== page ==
Pork Bone treats are no treat for Pups

The U.S. Food and Drug Administration has issued a warning on “bone treats” for dogs, having recently received more than 70 reports of illnesses in dogs who ingested the “bone treats” derived from pigs.

“A variety of commercially-available bone treats for dogs — including treats described as ‘Ham Bones,’ ‘Pork Femur Bones,’ ‘Rib Bones,’ and ‘Smokey Knuckle Bones’ — were listed in the reports,” FDA said in a statement. “The products may be dried through a smoking process or by baking, and may contain other ingredients such as preservatives, seasonings, and smoke flavorings.”

Illnesses reported to FDA by owners and veterinarians in dogs that have eaten bone treats have included:

  • Gastrointestinal obstruction (blockage in the digestive tract).
  • Choking
  • Cuts and wounds in the mouth or on the tonsils.
  • Vomiting
  • Diarrhea
  • Bleeding from the rectum.
  • Death. Approximately 15 dogs reportedly died after eating a bone treat, according to the agency.

The reports, sent in by pet owners and veterinarians, involved about 90 dogs. (Some reports included more than one dog).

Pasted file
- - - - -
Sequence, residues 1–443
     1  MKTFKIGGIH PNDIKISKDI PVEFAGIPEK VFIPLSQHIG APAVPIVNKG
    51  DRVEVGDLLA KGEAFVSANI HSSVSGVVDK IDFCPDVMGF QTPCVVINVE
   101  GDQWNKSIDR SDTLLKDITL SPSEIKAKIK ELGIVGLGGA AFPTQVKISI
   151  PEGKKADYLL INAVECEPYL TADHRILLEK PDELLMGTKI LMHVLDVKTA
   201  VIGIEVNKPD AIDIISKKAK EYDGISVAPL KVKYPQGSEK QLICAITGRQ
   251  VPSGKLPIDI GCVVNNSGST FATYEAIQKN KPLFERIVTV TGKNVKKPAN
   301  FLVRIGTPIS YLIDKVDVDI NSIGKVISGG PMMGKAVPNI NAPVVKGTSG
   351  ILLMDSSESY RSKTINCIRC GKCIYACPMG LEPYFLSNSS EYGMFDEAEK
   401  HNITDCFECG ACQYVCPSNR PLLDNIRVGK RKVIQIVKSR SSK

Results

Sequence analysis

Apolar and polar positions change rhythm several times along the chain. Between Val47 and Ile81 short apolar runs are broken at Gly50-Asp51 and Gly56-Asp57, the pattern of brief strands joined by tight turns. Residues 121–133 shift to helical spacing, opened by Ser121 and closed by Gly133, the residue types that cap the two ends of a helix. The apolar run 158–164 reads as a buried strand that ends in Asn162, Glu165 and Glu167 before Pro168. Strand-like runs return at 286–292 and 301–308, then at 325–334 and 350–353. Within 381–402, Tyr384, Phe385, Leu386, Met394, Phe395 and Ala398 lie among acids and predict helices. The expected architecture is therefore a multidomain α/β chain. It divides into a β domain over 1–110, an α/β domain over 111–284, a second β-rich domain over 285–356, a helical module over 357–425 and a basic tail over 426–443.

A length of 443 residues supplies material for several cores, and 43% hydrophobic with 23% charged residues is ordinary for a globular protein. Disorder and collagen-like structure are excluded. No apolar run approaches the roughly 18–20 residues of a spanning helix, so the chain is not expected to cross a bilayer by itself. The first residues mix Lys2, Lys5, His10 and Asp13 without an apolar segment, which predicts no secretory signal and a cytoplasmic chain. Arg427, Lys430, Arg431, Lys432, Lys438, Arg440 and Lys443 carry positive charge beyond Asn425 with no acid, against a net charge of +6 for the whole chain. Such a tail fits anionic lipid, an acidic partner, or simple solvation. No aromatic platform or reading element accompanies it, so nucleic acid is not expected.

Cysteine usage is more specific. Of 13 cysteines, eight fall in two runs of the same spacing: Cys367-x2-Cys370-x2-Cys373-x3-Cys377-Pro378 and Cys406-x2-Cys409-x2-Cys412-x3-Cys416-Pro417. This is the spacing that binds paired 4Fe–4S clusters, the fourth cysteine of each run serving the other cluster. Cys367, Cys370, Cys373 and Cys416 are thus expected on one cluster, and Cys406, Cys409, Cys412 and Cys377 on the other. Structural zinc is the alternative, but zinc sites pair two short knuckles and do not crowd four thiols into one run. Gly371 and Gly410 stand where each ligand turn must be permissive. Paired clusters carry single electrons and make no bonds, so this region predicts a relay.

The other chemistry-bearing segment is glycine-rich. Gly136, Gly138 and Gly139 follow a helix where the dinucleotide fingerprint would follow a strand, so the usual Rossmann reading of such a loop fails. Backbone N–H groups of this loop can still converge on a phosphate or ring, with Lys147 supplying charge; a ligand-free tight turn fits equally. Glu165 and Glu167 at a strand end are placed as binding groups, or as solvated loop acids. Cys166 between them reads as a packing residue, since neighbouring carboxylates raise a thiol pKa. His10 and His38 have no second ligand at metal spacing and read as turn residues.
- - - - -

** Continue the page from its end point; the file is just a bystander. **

In addition, FDA received seven reports of product problems, such as moldy-appearing bones, or bone treats splintering when chewed by the pet.

“Giving your dog a bone treat might lead to an unexpected trip to your veterinarian, a possible emergency surgery, or even death for your pet,” said Carmela Stamper, a veterinarian in the Center for Veterinary Medicine at the FDA.

My book THE DOG BIBLE: Everything Your Dog Wants You to Know” covers the topic of what sort of bones can be safely given to dogs, who, in any case should always be watched by a human when chewing on any sort of bone or rawhide.  This recent spate of highly worrisome reactions to a category of dog bone is a good reminder of how a good intention by a pet parent can go horribly wrong.

If you want to tire your dog out and at the same time stimulate her mentally and make a deeper connection with her, instead of giving her a bone I recommend a daily 5 minute fun tricks and training session, using a high value treat (like Halo Liv-a-Little proteins) for positive reinforcement. The mental challenge and bonding your dog will have with you has a lot more value to her than gnawing on some old bone!

—Tracie Hotchner

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